The Common Good
January 2013

The Place of the Green Wand

by Theodore Deppe | January 2013

Something called a GiveBox appeared / this fall on Falckensteinstrasse, and my first gift

A GiveBox in Berlin / Sally McGrane

Something called a GiveBox appeared
this fall on Falckensteinstrasse, and my first gift

was a memory: Dorothy Day, decades ago,
gently quoting St. Basil to me: If you have two coats,

you've stolen one from the poor.
Like a walk-in cupboard on the sidewalk, brightly

painted, decked out with flowers, this GiveBox
is for the anonymous exchange of gifts.

I brought books here and found a biography of Tolstoy,
who once made my teen-aged self dream of giving away

everything, and now, over a whiskey,
the idea returns: what if I stripped myself

of all but the necessary, left things off, day by day,
at the GiveBox? Of course, whatever his genius,

Tolstoy's life ended in confusion,
in quarrels, in flight—did he really think,

at 82, he could dispossess
himself and set off wandering? When his body

was brought home, it was buried
in the place of the green wand,

the glade where his twelve-year-old brother
once told a story about a stick hidden in the earth

that, if found, would bring lasting happiness to us all.
As though, having all but rejected his own novels,

he could dispense with everything
but story—Tolstoy wanted no tombstone,

no service, no clergy, and after all he had written
it was the legend his brother made up that he turned to.

A parable Dorothy Day, who lived to 83,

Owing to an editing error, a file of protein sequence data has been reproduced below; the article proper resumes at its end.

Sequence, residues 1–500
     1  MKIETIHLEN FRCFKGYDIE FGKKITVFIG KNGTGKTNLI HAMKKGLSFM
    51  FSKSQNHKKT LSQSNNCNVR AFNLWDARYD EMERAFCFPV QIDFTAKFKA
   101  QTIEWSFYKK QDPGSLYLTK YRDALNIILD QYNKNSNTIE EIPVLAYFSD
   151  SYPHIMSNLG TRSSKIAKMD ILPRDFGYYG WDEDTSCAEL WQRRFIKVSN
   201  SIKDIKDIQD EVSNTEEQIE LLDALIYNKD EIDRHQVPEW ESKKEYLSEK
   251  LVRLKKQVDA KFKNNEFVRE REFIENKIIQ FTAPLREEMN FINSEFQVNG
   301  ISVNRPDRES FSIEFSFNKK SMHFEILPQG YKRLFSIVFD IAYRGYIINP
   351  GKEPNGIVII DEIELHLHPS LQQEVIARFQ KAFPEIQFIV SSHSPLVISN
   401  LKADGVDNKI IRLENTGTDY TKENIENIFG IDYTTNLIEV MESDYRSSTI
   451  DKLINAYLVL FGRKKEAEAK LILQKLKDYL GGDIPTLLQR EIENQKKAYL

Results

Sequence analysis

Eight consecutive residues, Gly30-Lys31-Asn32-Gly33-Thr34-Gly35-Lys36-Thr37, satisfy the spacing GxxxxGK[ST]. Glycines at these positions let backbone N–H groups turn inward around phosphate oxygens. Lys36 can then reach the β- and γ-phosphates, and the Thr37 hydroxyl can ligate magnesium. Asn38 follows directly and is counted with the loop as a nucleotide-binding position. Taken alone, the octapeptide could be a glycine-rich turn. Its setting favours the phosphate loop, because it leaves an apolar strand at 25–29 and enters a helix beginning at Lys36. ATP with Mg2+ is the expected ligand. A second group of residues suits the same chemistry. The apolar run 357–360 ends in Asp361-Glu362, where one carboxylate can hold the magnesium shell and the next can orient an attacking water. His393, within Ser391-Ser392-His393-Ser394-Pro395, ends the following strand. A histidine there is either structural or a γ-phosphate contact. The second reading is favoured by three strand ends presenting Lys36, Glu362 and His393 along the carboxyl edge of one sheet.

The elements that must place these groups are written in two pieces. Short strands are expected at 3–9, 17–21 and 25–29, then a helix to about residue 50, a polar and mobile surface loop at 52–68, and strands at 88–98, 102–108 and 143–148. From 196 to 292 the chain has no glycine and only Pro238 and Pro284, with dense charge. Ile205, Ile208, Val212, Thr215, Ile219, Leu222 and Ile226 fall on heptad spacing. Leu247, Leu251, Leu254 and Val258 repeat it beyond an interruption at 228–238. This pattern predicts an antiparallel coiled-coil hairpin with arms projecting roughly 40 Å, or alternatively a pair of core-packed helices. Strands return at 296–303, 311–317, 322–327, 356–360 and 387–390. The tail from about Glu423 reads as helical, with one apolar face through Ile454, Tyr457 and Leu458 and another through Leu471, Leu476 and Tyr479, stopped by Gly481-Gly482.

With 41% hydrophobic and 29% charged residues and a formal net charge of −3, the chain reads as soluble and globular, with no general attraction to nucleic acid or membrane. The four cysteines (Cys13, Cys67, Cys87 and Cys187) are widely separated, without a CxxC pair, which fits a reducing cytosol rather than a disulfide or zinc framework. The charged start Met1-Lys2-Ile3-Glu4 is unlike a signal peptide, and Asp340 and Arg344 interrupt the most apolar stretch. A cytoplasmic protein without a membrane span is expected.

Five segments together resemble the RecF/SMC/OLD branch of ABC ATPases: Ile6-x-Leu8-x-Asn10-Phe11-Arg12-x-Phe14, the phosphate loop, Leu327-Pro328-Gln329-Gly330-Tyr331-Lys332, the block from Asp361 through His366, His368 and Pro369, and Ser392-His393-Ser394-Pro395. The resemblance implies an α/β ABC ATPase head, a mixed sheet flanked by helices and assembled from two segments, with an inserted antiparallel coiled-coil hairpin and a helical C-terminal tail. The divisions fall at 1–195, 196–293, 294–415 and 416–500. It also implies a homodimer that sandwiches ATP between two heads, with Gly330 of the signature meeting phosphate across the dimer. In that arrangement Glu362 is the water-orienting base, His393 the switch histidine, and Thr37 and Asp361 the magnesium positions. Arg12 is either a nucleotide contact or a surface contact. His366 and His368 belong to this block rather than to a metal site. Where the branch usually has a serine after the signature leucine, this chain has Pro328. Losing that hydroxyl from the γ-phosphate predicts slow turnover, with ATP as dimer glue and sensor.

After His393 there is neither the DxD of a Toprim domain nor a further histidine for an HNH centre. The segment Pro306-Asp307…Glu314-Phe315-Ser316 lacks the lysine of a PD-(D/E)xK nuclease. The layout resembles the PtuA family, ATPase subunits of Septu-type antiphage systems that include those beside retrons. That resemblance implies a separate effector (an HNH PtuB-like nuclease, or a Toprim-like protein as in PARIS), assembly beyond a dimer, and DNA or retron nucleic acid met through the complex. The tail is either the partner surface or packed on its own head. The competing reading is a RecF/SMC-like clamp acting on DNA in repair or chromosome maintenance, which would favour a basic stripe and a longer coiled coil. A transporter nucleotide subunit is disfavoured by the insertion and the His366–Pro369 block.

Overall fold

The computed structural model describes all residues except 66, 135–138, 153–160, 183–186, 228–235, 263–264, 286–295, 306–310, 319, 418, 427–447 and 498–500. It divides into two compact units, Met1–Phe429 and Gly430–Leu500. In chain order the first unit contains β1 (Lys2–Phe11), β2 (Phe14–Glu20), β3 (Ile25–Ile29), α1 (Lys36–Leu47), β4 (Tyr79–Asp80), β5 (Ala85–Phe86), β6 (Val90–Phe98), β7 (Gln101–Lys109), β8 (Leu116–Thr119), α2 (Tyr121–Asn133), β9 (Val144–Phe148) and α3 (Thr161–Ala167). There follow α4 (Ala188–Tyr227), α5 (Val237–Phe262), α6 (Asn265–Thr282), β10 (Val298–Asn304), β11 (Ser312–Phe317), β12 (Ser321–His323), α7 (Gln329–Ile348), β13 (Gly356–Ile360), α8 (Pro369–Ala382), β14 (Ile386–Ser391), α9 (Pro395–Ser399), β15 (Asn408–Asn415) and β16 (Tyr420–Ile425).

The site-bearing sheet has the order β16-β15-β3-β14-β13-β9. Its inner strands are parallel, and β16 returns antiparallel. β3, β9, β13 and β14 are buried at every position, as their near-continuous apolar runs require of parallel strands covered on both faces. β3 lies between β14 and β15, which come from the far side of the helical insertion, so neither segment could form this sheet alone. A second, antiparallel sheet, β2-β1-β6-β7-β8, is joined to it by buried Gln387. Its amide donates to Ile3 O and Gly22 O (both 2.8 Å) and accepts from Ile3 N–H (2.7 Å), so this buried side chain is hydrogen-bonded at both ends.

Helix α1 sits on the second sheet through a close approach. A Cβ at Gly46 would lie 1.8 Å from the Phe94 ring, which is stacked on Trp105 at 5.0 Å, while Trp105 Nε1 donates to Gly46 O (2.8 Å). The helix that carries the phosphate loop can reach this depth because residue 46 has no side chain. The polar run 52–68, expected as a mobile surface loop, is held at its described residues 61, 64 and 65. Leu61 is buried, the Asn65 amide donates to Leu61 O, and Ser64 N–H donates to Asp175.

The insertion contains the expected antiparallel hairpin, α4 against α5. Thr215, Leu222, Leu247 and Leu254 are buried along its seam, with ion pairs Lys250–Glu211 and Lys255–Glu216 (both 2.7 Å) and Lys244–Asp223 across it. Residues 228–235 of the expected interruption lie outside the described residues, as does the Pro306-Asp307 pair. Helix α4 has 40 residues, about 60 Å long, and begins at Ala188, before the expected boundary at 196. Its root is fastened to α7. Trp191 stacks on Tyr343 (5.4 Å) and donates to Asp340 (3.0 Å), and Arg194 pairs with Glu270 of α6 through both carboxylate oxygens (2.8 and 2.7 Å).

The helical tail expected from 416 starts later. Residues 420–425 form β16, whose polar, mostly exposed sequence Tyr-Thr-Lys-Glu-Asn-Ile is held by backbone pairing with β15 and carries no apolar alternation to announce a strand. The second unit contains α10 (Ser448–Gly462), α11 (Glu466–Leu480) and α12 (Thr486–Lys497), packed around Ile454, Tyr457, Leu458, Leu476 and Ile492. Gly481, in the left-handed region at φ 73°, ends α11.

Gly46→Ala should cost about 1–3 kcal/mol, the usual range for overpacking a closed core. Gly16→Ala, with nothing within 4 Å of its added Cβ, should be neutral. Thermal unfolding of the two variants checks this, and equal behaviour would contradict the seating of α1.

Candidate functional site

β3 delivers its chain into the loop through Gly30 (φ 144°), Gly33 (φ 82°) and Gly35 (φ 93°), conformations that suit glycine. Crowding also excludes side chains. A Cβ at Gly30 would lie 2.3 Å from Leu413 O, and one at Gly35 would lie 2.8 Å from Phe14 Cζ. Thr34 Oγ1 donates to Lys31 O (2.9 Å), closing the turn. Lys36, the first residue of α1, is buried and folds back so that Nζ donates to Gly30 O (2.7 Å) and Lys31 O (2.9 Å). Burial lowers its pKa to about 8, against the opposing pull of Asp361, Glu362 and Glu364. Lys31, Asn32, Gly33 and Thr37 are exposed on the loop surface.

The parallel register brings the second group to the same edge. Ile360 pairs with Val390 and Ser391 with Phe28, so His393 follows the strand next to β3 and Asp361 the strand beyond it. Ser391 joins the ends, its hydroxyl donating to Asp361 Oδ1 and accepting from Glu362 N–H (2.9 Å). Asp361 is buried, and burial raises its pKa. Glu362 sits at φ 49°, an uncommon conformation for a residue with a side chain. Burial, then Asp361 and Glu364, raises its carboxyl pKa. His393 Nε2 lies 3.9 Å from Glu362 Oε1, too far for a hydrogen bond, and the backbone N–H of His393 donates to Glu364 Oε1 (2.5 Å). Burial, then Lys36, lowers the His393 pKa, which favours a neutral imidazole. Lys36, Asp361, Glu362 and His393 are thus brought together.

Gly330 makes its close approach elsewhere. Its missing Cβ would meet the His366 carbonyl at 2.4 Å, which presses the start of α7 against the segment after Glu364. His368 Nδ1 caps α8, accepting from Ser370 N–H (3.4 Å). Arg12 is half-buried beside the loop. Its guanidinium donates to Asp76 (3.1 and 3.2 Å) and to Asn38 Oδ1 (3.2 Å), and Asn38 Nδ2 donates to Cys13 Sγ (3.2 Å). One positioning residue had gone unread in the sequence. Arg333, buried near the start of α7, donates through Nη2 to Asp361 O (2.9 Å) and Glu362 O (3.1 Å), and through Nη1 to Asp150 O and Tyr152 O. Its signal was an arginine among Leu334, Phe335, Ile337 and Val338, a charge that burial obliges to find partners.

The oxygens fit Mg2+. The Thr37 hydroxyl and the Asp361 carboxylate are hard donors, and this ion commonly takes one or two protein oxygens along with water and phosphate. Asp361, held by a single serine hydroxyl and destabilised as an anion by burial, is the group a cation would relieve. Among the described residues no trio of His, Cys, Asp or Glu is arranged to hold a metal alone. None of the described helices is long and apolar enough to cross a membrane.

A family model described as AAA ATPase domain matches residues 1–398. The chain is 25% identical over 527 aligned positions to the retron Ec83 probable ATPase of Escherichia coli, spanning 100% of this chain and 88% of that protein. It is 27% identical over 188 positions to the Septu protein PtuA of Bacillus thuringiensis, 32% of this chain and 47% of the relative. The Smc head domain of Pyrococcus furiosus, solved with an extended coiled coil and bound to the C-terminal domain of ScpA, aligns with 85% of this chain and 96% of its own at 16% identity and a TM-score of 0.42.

took seriously until the end.

I met her in my teens when she was in her 70s,
just out of jail after picketing for the rights

of migrants. Visiting a nephew who was dating my sister,
she joined us for dinner—someday, someone may ask me

the old question,If you could have a meal
with anyone, living or dead
… Going to a French restaurant

with Dorothy Day would be a good answer,
and I was lucky enough to actually do it,

only I wasn't allowed in the restaurant.
Because I'd read Gandhi, who of course

had read Tolstoy, I was trying not to buy leather
and wore a rope belt, and canvas shoes.

And Dorothy, who had reason enough
to scoff at those who called her a saint,

rose to the height of a prophet
and let the restaurant know she expected

so much more of them than their dress code.
In an Italian restaurant down the block

she introduced me to bruschetta pomodoro,
then spoke of so many things

I wish I could begin to recall now.
What was it that boy in his canvas shoes

was searching for? Isn't it time for me
to set off at last for the place of the green wand?

Theodre Deepe's most recent poetry collection is Orpheus on the Red Line. He lives in Connemara, Ireland, with his wife, poet Annie Deppe.

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